What Does It Mean For God to be Infinite?
When a Muslim raises this question, the Christian should return it with another question: "Why can't an infinite God be united with the finite?" Think about the assumptions that are lying behind the question: The question assumes that God is infinite in terms of size, mass, etc (therefore it is impossible to take an infinite amount of something and put it in a finite object). When one says that God is infinite, one is referring to a metaphysical reality, not a physical one -- i.e. to an immaterial, incorporeal, non-spatial understanding of the infinite. In any case, the infinite does not exist in the material universe as a concrete object. God's essence may therefore be described as qualitatively infinite. Why, then, can't an incorporeal, immaterial, non-spatial Being unite to his Person a physical body? Indeed, even in the Old Testament Scriptures we find that the fullness of the divine essence was to be found in the Holy of Holies, in the Ark of the Covenant, and in the Angel of the Lord figure (which I wrote about here).
The Omnipresence of Christ
The Muslim might come back at this point and argue that God cannot be omnipresent and not omnipresent at the same time -- this would present a logical contradiction. When dealing with this objection, it is of utmost importance that we are careful to define our terminology. What does it mean to be omnipresent? Does omnipresence mean to be present everywhere in a material, substantial sense? Of course not. If God is not a material, spatial being then he cannot be materially, spatially present anywhere. What, then, does it mean to be omnipresent? Omnipresence refers to the fact that the creation is present before God since there is no part of creation that he does not oversee, sustain and superintend. All of creation is under his control and providential guidance. Therefore, why can't God unite to himself a temporal, physical body and still oversee the entire creation?
Indeed, on many occasions throughout the gospels, Jesus appears to be able to perform miracles from afar, without his body being physically present. For instance, in Mark 7:24-30, Jesus casts out the demon from a girl without being physically present. In John 1:45-49, Jesus says that he saw Nathaniel sitting under the fig tree even though He was not Himself present physically. In John 4:43-54, a man's son was healed by Jesus without Jesus being physically present. In Matthew 8:5-13, a centurion's son is healed -- again, without Jesus being physically present. In all of those examples, it is Jesus who is healing and seeing people from great distances. That being the case, what is the problem with Christ taking on a spatial, physical body and still overseeing the entire creation? It thus presents no contradiction to posit that Christ be "omnipresent" while still being spatially located at the same time.
The Omniscience of Christ
But surely, the Muslim might respond, Jesus was ignorant of certain things such as the date of His return (Matthew 24:36; Mark 13:32). How, then, can Jesus have been omniscient and non-omniscient at the same time? I actually do not think that this is quite as paradoxical as it might at first appear, since it is possible that Christ may have known certain things in his waking, conscious knowledge while possessing exhaustive knowledge in his subconscious knowledge. At the point of the incarnation, Jesus submitted Himself to the Father as a servant (see my previous article here for more on this). Jesus self-identifies as God's servant, for instance, in Matthew 12:18. In John 15:15, Jesus says, "the servant does not know what his master is doing." If Jesus was the servant of the Father, then it stands to reason that the Father may well have veiled from the Son certain truths during His earthly ministry. In John 21:17, Peter says to Jesus, “Lord, you know everything; you know that I love you.” Jesus does not correct Peter on this point. This suggests that Jesus, in His glorified state, post-resurrection, does once again know all things.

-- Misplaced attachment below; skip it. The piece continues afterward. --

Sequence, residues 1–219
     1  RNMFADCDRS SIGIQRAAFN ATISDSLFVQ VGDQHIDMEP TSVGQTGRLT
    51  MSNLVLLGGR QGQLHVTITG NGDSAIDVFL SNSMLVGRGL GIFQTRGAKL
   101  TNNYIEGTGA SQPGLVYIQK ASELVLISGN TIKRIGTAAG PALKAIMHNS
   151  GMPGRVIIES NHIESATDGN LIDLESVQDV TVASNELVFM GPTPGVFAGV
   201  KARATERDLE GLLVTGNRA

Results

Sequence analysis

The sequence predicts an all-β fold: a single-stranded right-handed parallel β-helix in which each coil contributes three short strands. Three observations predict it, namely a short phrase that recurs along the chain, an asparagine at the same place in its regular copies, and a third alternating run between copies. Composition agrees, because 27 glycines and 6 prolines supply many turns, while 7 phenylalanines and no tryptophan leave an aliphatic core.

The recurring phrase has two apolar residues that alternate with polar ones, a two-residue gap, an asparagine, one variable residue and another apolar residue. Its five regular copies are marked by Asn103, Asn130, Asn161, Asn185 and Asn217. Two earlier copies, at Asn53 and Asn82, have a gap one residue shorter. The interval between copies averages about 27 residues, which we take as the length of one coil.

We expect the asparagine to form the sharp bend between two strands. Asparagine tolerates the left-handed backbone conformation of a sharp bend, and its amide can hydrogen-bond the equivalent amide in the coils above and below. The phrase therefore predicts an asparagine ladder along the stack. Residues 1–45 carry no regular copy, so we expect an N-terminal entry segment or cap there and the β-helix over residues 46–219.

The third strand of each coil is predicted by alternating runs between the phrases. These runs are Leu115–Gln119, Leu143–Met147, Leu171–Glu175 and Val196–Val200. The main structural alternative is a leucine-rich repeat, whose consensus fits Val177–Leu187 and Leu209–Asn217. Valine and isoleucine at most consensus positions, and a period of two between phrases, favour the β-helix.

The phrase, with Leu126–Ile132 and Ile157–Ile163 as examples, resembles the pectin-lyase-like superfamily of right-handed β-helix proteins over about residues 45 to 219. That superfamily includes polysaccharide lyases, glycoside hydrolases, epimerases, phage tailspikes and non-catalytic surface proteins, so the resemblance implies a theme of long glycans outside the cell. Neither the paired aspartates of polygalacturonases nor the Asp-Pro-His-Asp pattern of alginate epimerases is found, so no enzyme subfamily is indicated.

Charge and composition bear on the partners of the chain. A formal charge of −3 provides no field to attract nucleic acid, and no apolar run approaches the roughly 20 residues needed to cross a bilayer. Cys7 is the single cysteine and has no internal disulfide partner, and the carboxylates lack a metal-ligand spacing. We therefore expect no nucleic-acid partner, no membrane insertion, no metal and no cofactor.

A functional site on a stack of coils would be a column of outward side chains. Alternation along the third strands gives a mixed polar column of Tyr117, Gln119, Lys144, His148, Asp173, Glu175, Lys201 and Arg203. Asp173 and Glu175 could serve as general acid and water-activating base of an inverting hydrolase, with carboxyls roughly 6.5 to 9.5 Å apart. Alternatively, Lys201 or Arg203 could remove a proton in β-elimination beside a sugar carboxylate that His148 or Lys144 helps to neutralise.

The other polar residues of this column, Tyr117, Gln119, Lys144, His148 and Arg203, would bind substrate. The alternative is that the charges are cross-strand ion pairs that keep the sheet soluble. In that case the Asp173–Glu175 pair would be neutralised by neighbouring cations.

My argument draws further support from John 16:25-31, in which we read,
"“I have said these things to you in figures of speech. The hour is coming when I will no longer speak to you in figures of speech but will tell you plainly about the Father. In that day you will ask in my name, and I do not say to you that I will ask the Father on your behalf; for the Father himself loves you, because you have loved me and have believed that I came from God. I came from the Father and have come into the world, and now I am leaving the world and going to the Father.” His disciples said, “Ah, now you are speaking plainly and not using figurative speech! Now we know that you know all things and do not need anyone to question you; this is why we believe that you came from God.” Jesus answered them, “Do you now believe?”"It is the same Greek used in 16:30 that is used in 21:17. So, this means that Jesus' omniscience was still in his possession, even though it was veiled from him having full access to it.
In conclusion, when dealing with the question of whether the infinite God could become joined to a physical body in the man Christ Jesus, one has to be careful as to one's use of terminology. We do not believe that God is infinite in the sense of possessing infinite mass or that God is infinite in a spatial, material sense. Rather, God is qualitatively infinite, and there is no logical reason why the infinite God cannot join Himself to a physical body.